How AI could help enterprises to reduce data storage costs

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The amount of data powered by the world’s enterprises is increasing. According to one source, the total amount of data created, captured, copied and used globally in 2020 was approximately 64.2 zetabytes – equivalent to one trillion gigabytes. Surprisingly, companies report that the cost of storing their data is also increasing. In a survey of the 2018 Enterprise Storage Forum, business leaders stated that high cost of operation, lack of storage capacity and aging equipment were among their top concerns.

Rising storage costs have forced many companies to embrace cloud options, with the advantage of lower entry costs. But as more businesses go online, costs are rising – the PaperData report found that more than a third of companies’ cloud service budgets have increased by 40% – and IT leaders are exploring alternatives.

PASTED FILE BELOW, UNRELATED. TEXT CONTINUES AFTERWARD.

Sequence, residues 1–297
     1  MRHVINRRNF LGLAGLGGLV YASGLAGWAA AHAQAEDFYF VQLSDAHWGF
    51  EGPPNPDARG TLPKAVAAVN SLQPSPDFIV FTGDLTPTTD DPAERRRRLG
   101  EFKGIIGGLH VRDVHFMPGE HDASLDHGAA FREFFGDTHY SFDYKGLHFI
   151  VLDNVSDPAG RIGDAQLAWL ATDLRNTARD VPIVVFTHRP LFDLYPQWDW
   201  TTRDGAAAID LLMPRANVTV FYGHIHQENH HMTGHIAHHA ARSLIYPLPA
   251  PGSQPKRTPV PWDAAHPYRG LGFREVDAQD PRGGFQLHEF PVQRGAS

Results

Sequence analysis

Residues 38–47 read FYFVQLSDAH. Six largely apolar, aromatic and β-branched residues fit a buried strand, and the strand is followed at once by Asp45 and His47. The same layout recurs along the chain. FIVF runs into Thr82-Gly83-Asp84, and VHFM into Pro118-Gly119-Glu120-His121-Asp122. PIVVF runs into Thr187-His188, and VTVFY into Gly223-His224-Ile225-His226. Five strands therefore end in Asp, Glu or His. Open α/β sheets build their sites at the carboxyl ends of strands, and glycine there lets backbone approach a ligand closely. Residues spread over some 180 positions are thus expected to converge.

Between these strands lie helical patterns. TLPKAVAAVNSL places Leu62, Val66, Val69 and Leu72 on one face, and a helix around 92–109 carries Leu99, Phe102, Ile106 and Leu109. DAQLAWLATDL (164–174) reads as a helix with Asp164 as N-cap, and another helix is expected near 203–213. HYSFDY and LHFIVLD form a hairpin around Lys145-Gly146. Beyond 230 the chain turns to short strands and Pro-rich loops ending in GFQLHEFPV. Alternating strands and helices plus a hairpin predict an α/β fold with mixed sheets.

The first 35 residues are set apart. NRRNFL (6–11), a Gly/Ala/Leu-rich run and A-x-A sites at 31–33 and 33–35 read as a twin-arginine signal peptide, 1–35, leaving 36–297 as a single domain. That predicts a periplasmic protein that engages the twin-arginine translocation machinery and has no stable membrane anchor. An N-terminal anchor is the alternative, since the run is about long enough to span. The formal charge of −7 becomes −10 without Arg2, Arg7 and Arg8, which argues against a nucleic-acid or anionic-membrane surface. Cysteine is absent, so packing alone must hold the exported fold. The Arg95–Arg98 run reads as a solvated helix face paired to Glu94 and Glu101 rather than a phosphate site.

On the cloud side, a new crop of startups is implementing AI for the problem of cloud cost management. Vendors such as Densify and Cast AI claim that their AI-powered platforms can recommend optimal storage configurations for companies’ workloads taking into account different requirements. Other technology providers have focused their attention on on-premises systems, creating algorithms that they claim can reduce storage costs with hardware instructions or new file compression techniques.

“Data storage today faces many challenges: storage deployments are often made up of different storage media such as memory, flash, disk drives and tapes. In addition, organizations run multiple storage arrays based on access protocols … or depending on the complexity of the workload, “Gartner Research VP Arun Chandrasekhar told VentureBeat via email.” Is. “

Cloud optimization

During the epidemic, a record number of companies moved to the cloud due to the pressure to digitize operations. According to a recent survey by O’Reilly, 90% of organizations were using some form of cloud computing in 2021, while Flexera’s State of the Cloud report shows that 35% of companies spent more than $ 12 million on cloud operations in 2021.